Countless Americans will celebrate America’s 236th birthday today by joining friends and family for food and fireworks. Many will just enjoy the day, others will recall our Founding Fathers’ declaration of independence, and others will raise their right hand, swear an oath of allegiance, and become citizens of the United States of America. Across the country today, men and women from every corner of the globe will stand side by side and swear to “support and defend the Constitution and laws of the United States of America,” and reminding each and everyone one of us of the power and promise of the American Dream.
At the White House this morning, President Barack Obama joined dozens of inspiring immigrant men and women currently serving in the U.S. military as they became citizens of a country they’ve already staked their lives to protect. Here are just a few of those brave men and women:
Terence Njikang Ekabe, born in Cameroon, enlisted in the Air Force in June 2011 as a 4N0/med technician. Airman Ekabe also helped raise money for Veterans’ families, Airmen in need, and the Air Force Assistance Fund. His charitable giving extends beyond the United States to his home country where he raised $3,000 worth of toys, clothing, and others items for the village children of Cameroon during Christmas.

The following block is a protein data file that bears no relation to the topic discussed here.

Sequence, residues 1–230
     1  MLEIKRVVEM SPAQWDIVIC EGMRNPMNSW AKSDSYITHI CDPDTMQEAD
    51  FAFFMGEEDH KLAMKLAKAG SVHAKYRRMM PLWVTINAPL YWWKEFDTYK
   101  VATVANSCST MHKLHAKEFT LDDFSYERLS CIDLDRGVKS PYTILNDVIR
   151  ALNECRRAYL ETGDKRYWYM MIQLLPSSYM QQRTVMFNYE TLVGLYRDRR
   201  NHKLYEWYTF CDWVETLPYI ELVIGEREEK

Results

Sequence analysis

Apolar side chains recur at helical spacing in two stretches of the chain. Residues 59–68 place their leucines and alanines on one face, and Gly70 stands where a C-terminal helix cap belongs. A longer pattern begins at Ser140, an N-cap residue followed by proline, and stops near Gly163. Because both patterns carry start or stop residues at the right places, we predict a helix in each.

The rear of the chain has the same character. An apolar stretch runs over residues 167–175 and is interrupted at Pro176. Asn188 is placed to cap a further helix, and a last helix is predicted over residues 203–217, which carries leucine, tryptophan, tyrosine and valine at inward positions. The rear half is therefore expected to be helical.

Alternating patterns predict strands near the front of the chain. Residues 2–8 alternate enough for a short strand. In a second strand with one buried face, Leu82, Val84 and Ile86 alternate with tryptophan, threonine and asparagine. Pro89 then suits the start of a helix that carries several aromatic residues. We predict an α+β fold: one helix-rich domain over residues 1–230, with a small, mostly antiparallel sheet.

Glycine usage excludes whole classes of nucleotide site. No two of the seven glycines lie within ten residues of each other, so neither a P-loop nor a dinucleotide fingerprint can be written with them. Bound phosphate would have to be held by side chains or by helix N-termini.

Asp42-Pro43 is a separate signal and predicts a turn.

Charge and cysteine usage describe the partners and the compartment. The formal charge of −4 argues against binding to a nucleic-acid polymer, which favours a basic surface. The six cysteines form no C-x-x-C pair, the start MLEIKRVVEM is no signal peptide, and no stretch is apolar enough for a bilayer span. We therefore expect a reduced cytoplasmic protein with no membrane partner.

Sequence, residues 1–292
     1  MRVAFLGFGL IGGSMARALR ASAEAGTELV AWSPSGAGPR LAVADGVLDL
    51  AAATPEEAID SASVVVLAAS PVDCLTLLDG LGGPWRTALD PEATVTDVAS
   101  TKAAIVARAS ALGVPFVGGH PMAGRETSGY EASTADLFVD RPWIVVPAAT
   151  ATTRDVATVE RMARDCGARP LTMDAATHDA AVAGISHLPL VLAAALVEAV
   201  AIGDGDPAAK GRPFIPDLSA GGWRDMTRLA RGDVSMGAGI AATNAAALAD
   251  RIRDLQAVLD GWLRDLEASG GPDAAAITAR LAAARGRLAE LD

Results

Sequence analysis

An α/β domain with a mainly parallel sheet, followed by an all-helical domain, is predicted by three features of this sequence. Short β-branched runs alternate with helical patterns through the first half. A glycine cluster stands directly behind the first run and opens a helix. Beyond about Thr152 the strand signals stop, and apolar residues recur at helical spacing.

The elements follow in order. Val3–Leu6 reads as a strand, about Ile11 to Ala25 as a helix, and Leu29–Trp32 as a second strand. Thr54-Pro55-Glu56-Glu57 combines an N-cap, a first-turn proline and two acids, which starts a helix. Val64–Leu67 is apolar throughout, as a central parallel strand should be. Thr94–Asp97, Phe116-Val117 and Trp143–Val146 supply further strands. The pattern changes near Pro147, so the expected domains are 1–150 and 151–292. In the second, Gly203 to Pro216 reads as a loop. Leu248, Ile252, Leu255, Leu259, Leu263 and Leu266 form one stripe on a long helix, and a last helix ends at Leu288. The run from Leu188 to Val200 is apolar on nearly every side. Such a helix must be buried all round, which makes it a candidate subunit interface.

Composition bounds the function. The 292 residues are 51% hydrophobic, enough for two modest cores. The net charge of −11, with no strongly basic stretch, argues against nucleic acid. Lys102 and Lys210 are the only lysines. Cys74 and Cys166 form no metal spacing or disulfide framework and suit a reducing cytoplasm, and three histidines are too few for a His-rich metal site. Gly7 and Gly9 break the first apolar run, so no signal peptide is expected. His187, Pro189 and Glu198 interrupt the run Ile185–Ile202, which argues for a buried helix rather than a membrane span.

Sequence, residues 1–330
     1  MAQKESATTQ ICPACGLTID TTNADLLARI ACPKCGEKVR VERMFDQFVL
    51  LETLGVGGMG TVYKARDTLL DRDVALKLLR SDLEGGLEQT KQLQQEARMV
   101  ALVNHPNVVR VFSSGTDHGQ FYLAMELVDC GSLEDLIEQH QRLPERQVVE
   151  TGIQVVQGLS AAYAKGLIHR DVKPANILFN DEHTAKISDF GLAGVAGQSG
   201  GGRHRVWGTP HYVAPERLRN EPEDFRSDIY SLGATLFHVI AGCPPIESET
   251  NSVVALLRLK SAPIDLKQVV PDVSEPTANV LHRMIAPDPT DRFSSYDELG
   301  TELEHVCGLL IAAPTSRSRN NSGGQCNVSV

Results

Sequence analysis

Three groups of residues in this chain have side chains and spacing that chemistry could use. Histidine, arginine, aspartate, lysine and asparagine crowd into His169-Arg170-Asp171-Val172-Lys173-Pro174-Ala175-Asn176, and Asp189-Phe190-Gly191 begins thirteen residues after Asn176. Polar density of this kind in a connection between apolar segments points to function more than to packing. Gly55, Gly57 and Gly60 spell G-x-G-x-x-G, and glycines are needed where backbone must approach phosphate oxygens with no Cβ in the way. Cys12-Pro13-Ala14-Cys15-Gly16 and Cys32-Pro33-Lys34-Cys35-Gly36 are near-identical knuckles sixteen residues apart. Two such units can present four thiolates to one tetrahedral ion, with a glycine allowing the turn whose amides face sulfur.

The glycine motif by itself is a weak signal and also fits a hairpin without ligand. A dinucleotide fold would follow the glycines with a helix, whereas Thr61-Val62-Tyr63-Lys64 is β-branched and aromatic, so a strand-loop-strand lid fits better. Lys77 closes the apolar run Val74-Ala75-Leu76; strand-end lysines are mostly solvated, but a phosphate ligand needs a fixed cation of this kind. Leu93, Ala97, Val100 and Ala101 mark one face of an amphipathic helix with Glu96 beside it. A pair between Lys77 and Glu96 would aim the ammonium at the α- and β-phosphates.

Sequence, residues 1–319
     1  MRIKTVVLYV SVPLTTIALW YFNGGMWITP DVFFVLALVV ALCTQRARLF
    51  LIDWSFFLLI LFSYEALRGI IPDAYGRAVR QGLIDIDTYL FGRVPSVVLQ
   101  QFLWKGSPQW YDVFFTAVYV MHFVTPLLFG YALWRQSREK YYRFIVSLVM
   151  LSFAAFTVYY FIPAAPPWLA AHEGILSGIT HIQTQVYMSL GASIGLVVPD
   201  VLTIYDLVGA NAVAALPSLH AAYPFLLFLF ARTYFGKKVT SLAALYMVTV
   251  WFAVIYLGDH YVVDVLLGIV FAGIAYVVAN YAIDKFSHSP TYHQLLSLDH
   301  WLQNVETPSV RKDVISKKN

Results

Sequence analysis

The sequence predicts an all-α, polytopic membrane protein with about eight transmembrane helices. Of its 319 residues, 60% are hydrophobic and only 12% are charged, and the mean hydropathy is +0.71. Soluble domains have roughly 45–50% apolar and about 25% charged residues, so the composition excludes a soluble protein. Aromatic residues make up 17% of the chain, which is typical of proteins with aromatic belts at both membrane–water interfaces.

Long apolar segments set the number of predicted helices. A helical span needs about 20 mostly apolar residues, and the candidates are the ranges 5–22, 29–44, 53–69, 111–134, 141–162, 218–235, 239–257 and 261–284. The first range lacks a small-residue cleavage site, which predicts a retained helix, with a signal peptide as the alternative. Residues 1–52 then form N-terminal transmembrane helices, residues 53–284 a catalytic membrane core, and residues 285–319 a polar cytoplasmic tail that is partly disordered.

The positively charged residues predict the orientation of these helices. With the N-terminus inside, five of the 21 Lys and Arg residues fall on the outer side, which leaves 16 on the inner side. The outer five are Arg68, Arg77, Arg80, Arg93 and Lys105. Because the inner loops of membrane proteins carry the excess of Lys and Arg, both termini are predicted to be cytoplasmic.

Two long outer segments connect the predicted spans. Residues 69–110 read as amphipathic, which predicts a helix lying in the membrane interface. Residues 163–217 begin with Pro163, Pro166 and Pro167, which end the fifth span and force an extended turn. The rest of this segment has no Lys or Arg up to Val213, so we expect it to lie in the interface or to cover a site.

Silvano Carcamo, born in Honduras, moved to Springfield, OH in 1996. Specialist Carcamo enlisted in the Army in October 2009 and became a medic. His first duty station was Bravo Troop, 3rd Squadron, 71st Cavalry Regiment, 3rd Infantry Brigade Combat Team, 10th Mountain Division where he served as a line medic. During his deployment from March 2011 to March 2012 he earned several awards among them an Army Achievement Medal, Combat Medic Badge, and a Navy Achievement Medal.
Faye Ubad Ngirchomlei, born in Palau, enlisted in the Army in 2008. In April 2009, Nigirchomlei was assigned to 511th Military Police Company at Fort Drum, NY as Automated Logistic Specialist. She was deployed to Kandahar, Afghanistan where she was responsible for ensuring the maintenance section supported outlying platoons, with supplies and other support services.
Throughout U.S. history, immigrants have voluntarily served in all branches of the U.S. military. At last count, foreign-born service members accounted for approximately 8% of the 1.4 million military personnel on active duty. Experts acknowledge that without the contributions of immigrants, the military could not meet its recruiting goals and could not fill the need for foreign-language translators, interpreters, and cultural experts.
Today, as we celebrate the freedoms we enjoy as Americans, let us also remember those who have struggled to secure that freedom, and the many immigrants who have and continue to fight to keep the American Dream alive.
As President Barack Obama remarked during today’s ceremony:
Immigration makes America stronger. Immigration makes us more prosperous. And immigration positions America to lead in the 21st century.”
FILED UNDER: Faye Ubad Ngirchomlei, Janet Napolitano, Military, Silvano Carcamo, Terence Njikang Ekabe, undocumented immigration